North Hollywood
B Line  G Line 
Los Angeles Metro, North Hollywood, Side View (HSY-Approved).jpg
North Hollywood station B Line platform
General information
Location5357 Lankershim Boulevard
North Hollywood, California
Coordinates34°10′08″N 118°22′36″W / 34.1688°N 118.3766°W / 34.1688; -118.3766Coordinates: 34°10′08″N 118°22′36″W / 34.1688°N 118.3766°W / 34.1688; -118.3766
Owned byLos Angeles County Metropolitan Transportation Authority
Platforms1 island platform (B Line)
2 side platforms (G Line)
ConnectionsSee Connections section
Parking1,085 spaces,[3] kiss and ride facility
Bicycle facilitiesMetro Bike Share station,[1] racks and lockers[2]
Disabled accessYes
ArchitectTanzmann Associates
OpenedJune 24, 2000; 22 years ago (2000-06-24) (B Line)
October 29, 2005; 16 years ago (2005-10-29) (G Line)
Preceding station LAMetroLogo.svg Metro Rail Following station
Terminus B Line Universal City/Studio City
Preceding station LAMetroLogo.svg Metro Busway Following station
Laurel Canyon/Valley Village
toward Chatsworth
G Line Terminus
Former services (Lankershim)
Preceding station PE Bolt.svg Pacific Electric Following station
towards Canoga Park
Owensmouth Hoffman
towards San Fernando
San Fernando

North Hollywood station is a combined rapid transit (known locally as a subway) and bus rapid transit (BRT) station in the Los Angeles Metro Rail and Metro Busway systems. It is the northwestern terminus of the B Line subway and eastern terminus of the G Line BRT route. It is located at the intersection of Lankershim Boulevard and Chandler Boulevard in the NoHo Arts District of the North Hollywood neighborhood in the San Fernando Valley of Los Angeles.[4]


North Hollywood station G Line platform
North Hollywood station G Line platform

North Hollywood station was constructed as part of MOS-3 (Minimum Operating Segment 3), the third and final portion of the Red Line project. The station opened on June 24, 2000, after six years of construction.[5]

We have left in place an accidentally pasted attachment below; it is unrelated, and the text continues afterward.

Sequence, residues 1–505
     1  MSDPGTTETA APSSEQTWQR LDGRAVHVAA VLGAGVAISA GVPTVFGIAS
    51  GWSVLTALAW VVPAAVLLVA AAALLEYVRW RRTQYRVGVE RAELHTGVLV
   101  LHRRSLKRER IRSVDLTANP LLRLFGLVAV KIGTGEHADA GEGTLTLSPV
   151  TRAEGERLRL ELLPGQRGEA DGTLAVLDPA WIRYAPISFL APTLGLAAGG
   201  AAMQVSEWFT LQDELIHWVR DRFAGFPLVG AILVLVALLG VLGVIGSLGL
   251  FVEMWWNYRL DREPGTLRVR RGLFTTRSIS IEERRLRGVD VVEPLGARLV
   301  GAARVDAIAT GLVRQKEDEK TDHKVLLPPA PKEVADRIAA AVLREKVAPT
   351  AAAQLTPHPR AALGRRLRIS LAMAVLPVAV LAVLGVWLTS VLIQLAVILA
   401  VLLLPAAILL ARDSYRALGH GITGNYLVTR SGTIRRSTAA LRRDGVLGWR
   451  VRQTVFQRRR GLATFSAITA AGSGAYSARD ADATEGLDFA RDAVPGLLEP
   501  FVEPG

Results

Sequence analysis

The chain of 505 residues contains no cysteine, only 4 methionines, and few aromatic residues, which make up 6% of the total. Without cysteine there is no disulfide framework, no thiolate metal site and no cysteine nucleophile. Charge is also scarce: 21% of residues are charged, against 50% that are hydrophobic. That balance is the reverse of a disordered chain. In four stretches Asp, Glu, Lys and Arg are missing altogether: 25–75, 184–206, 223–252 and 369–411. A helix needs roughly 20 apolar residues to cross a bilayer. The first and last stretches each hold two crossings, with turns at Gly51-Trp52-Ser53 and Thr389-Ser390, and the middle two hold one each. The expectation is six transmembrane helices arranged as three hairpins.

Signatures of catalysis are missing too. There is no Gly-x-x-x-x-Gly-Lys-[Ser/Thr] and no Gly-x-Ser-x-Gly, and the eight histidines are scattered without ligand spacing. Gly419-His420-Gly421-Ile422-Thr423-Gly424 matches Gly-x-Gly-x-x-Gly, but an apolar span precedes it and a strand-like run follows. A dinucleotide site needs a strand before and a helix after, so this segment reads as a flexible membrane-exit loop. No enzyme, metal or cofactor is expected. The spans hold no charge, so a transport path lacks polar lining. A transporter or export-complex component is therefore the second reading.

As the Metro Rail system was being designed in the 1990s, the initial plan was to build an at-grade and elevated extension of the Metro Red Line west from North Hollywood station along the former Pacific Electric/Southern Pacific Railroad Burbank Branch right of way that Metro acquired in 1991. However, by the time the Red Line reached North Hollywood, political developments stymied these plans: community objections to surface transit along the route resulted in a 1991 law mandating that any rail line along the route be built underground,[6][7] but a 1998 ballot measure driven by perceptions of mismanagement banned the use of county sales tax to fund subway tunneling.[8][9][10]

Prevented from using the right of way for rail, Metro proceeded to build a busway along the corridor, despite further lawsuits from area residents.[11] The line opened on October 29, 2005, with its eastern terminus at North Hollywood.

Lankershim Depot

Depot after restoration, 2014
Depot after restoration, 2014

The Southern Pacific Railway built the Lankershim Depot in 1896 on land that is adjacent to the current G Line platforms. It later served as a stop on the Pacific Electric system after its North Hollywood Line opened in 1911.[12] In 2014, the station was restored for a cost of $3.6 million,[13] and is currently occupied by a coffee shop.[14]

Development of surrounding area

Since the opening of the station in 2000, transit-oriented developments have begun to be constructed in the area around the station including thousands of apartments and office buildings. NoHo Tower (a 15-story apartment building) is across the street from the station and NoHo Commons, a multi-use complex which includes several floors of apartments above a level of retail. In September 2007, transportation officials approved NoHo Art Wave.[15] That project did not start due to the recession, but in 2016 a public-private partnership with the Los Angeles County Metropolitan Transportation Authority was proposed on the 16 acres (6.5 ha) surrounding the station.[16][17]


Station layout

North Hollywood station is located on two large blocks near the intersection of Lankershim Boulevard and Chandler Boulevard.

The B Line platform is located under Lankershim and the original entrance to the station, under three colorful arched canopies called "Kaleidoscope Dreams,"[18] is located on the block east of Lankershim and north of Chandler. This block also contained a large bus plaza and park and ride lot.